ACT FAST TO PROTECT YOUR BRAND ONLINE
February 2015 - New domain name option leaves unwary franchises at risk of brand hijacking
One of the biggest advantages of franchising should be that the company has a known name and reputation that will help it to attract customers from the moment each new franchisee starts trading. Franchisors and franchisees spend a lot of money promoting and developing that name and reputation, so it’s important that they value it and protect it accordingly.
In the past, legally protecting a name, trademark or logo was fairly straightforward, but the development of electronic media has made it rather more complex: domain names, Facebook identities, Twitter accounts and all sorts of other developments mean controlling your brand is harder than ever.
As a business owner, one issue that you may face is how to protect your company from so-called ‘cyber-squatters’ – people who have bought similar domain names to your brand name in order to profit from your reputation. Cyber-squatters rarely trade under the domain name or contribute anything to the brand, but rather will attempt to sell such domain names back to the owners of the brand at hugely inflated prices. This is a constant annoyance to brand-owners, as it can result in expensive, protracted and occasionally futile legal battles to gain ownership of these domain names.
According to Scott Goodwin of franchise legal specialists Goodwin Turner, ‘Cyber-squatting is not necessarily always malicious; however, even if a third party registers a name similar to your brand in all innocence, it can create unnecessary confusion. If you have been careful enough to register your brand as a trade mark you could potentially have an action in trade mark infringement or under the Fair Trading Act 1986. As already noted, though, this can be an expensive and lengthy process. The best approach is a preventative one, registering all possible combinations of your brand-name before someone else can.’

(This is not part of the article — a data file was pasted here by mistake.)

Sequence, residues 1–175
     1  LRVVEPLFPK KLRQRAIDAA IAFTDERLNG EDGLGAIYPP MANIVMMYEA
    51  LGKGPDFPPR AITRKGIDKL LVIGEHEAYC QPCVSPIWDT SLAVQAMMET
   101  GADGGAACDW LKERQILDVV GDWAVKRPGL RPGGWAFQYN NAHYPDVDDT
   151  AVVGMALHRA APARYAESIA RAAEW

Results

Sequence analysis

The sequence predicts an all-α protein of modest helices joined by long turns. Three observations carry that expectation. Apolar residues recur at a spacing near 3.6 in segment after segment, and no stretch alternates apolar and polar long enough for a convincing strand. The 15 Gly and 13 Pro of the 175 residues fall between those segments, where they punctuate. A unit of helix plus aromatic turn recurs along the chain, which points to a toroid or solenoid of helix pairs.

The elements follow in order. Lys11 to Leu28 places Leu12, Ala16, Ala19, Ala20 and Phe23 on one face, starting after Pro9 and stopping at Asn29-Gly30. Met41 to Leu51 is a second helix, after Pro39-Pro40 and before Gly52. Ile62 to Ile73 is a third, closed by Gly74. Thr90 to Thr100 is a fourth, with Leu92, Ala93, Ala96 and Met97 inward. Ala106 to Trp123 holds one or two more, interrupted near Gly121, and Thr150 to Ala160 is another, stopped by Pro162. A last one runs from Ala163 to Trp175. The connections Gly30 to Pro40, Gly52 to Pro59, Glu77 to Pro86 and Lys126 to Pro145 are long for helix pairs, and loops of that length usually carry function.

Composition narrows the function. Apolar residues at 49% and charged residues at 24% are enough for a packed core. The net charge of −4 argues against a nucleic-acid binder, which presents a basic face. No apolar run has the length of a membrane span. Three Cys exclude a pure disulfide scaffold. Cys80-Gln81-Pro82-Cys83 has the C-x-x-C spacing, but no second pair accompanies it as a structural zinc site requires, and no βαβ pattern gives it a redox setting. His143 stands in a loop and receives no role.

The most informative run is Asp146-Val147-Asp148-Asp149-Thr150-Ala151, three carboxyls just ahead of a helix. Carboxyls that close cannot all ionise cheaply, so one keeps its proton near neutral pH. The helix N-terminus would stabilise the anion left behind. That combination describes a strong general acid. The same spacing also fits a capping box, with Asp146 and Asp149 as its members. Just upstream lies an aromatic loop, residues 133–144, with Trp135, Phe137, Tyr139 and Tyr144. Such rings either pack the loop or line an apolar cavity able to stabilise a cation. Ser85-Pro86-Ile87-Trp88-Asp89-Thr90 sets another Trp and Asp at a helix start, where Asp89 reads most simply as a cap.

Now life is becoming even more complicated for brand owners in New Zealand with the launch of shorter domain names which have the suffix .nz as opposed to .co.nz or .org.nz. For example, if your franchise has the domain buttercup.co.nz then you may face confusion if someone else registers buttercup.nz as their domain name.
In order to try and avoid such issues, the Domain Name Commission launched a ‘Preferential eligibility’ process late last year that enabled organisations with a .co.nz or .org.nz domain name to register or reserve the shorter .nz version of their domain name before anyone else. ‘If you haven’t already done, this, though, you’ll need to move fast,’ Scott Goodwin points out. ‘Over 50,000 shorter domain names have already been registered but preferential eligibility expires at 1pm on 30 March 2015. After this date you will have to compete with the general public to register your brand under the new domain name.
‘To see if you have preferential eligibility, talk to your .nz provider or visit the Domain Name Commission’s anyname.nz site, which also explains how you can go about registering or reserving the new kinds of domain names.
‘If your website address is shared with another entity (for example, they own the .org.nz address while you own the .co.nz address), you can also lodge a preference for the new domain name on anyname.nz. There’s no time limit for doing this, but our advice is to act as quickly as possible to secure your brand,’ Scott advises.
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